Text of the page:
Guest post by Oxley. Oxley is a relatively new member of the fandom, having only been actively involved for a year–at the time this article was written, he hadn’t attended any conventions, but hopes to continue his work in this area at Midwest Furfest 2016. He is currently looking for feedback and other opinions on this article, and can be reached at his email.
The year is 2015, and marriage has finally been confirmed as a right for all Americans, whether gay, straight, or otherwise. Though the legislation has brought the queer community (sometimes referred to as MOGAI, or “Marginalized Orientations, Genders Alignments, and Intersex”) farther than it has ever been before in its fight for civil rights, talk of marriage now overshadows other important LGBTQ+ issues: many groups still find themselves marginalized and vulnerable in society. As the struggle slowly progresses, though, queer America has found both allies and enemies in the strangest of places. Individuals from some of the most conservative corners of politics have shown solidarity to the queer community, as have major corporations and brands. Nonetheless, their backing has often been motivated by political or economic gains—after all, in many places it would be considered political suicide to denounce marriage equality. Rather, various other communities and subcultures have often proven to be most readily and enthusiastically supportive of social progress. Countless YouTube stars have advocated for marriage equality or even used the site as a medium through which to come out, while common names in music have vehemently opposed restrictions on marriage.
Perhaps the most perplexing source of support for queerness in America, though, comes from the ever-controversial furry fandom. For years, furries have had intrinsic ties with the queer community, as only a minority within their numbers are straight. While furries as a whole have certainly never been a strong voice against equality regarding gender and sexuality, though, their advocacy of gay rights is nonetheless imperfect, and often detrimental to those who do not fit the more easily-recognized definitions of “queer”—that is to say, the transgender population. Still, observing a subcommunity as being a largely queer space offers a peculiar analysis of it, from an angle that is not often used. That said, the intersections between the queer community and the furry fandom provide a valuable insight into modern conventions of normativity, and the queer community’s interactions with society as a whole.
Continue reading Acceptance and Affurmation: Examining Queerness and Normativity Within the Furry Fandom→
In 1974, the philosopher Thomas Nagel first asked “What is it like to be a bat?” Whilst originally an essay concerning the interaction between mind and body (and something highly worth reading for anybody with even a passing interest in the philosophy of mind), Nagel may have unintentionally left something important for the furry community to consider.
I’m not really sure how I wound up getting involved with the postfurry community. I mean, I can point to the moment that I found furry itself and how what went from a curious interest built into something decidedly more (a passion? an obsession?), but the same isn’t necessarily the case with postfurry. If I start tracing the lines backwards, rather a lot of them converge on one critter in particular, Indi.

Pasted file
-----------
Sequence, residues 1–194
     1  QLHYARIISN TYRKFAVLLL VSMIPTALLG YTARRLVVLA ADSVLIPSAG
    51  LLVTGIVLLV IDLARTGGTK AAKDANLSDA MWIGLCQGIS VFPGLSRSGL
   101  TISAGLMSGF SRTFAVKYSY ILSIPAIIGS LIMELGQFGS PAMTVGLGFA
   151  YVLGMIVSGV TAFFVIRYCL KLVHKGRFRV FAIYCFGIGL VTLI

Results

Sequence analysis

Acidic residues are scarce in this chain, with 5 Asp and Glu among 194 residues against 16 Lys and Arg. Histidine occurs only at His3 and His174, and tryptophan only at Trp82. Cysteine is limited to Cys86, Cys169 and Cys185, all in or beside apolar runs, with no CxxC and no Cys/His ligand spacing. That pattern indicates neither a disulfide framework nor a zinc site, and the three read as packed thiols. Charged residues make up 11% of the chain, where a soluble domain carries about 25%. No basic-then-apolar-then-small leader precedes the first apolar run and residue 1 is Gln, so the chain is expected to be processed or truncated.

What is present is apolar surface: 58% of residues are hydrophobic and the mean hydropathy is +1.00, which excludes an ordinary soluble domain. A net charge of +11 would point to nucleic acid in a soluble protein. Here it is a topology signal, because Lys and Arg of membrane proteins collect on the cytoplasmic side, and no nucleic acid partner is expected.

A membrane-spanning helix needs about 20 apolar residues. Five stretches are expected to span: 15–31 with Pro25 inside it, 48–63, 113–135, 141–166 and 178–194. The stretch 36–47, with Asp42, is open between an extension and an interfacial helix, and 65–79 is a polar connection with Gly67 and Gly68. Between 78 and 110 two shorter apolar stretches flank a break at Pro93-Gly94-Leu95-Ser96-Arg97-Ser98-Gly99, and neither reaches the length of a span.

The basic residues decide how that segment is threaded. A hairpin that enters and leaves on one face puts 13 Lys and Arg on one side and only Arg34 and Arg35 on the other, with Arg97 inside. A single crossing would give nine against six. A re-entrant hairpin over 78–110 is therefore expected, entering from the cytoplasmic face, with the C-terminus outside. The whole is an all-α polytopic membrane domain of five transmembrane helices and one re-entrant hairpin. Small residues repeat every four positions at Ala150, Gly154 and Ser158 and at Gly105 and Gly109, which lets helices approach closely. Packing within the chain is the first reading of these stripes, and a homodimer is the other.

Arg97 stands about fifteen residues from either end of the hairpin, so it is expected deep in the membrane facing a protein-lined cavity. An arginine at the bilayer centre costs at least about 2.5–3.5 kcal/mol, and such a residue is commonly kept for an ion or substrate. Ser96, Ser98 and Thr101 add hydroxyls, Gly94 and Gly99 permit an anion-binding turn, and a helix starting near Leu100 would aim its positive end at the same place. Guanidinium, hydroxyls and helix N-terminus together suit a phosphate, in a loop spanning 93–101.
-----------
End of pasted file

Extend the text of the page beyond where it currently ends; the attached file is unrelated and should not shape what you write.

Indi has been a friend for quite a while now, actually.Ve is most often seen around as a synthetic coyote-otter hybrid – a coyotter, or simply yotter – with glowy markings that range from cyan to blue to purple. Indi, being synthetic, along with ver gender identity, is the source of ver pronouns, ve/ver/vis.
I think I’ve known ver for about two or three years and we’ve connected on a lot of different levels, from our shared interest in mead and other tasty drinks, to our paths along the road to genderqueer identities that share many similarities. We’ve acted as part of a support network for each other with some frequency, and that, probably more than anything else, served as what passes for my entry point to postfurry.
We can be confident that furry must have its genesis in environment, not genetics, because furry is a modern phenomenon. It’s probably fair to guess that exposure to some aspect of culture during childhood is important, likely cartoon animals. Furry might well come about during adolescence, in transition from childhood to adulthood, as an artefact of certain childhood experiences.
This places furry as something which is first experienced, from a personal point of view, as a young teenager. This is the time we start high school, and learn about the social horrors that can lurk within if you don’t “fit in”. Furry would count, in most high school social hierarchies, as a Bad Thing, and therefore probably as something that requires management or concealment.
This makes furry a “concealable stigma”, a phrase sometimes applied to the condition of being LGBT. Someone with a concealable stigma has a different social experience: they learn to be careful about disclosure unless they are confident in the reaction they will receive. Someone with a concealable stigma may tend to be socially withdrawn, and simultaneously closely attuned to the reactions of others. These coping mechanisms can have a significant impact on decisions in adult life, including career choices.
Continue reading The Furry Identity & Career Choice→
In a recent article for [adjective][species], I wrote about a 2009 paper that presented an origin theory, of sorts, for furry. The author, Dr Anne Lawrence, proposes that furries (she uses the term “furverts”) are all plushophiles, that fursuiting (“fursuitism”) is a fetish activity, and that furry identity is an attempt to turn ourselves into the object of our supposed desire. We are, she concludes, autoplushophiles.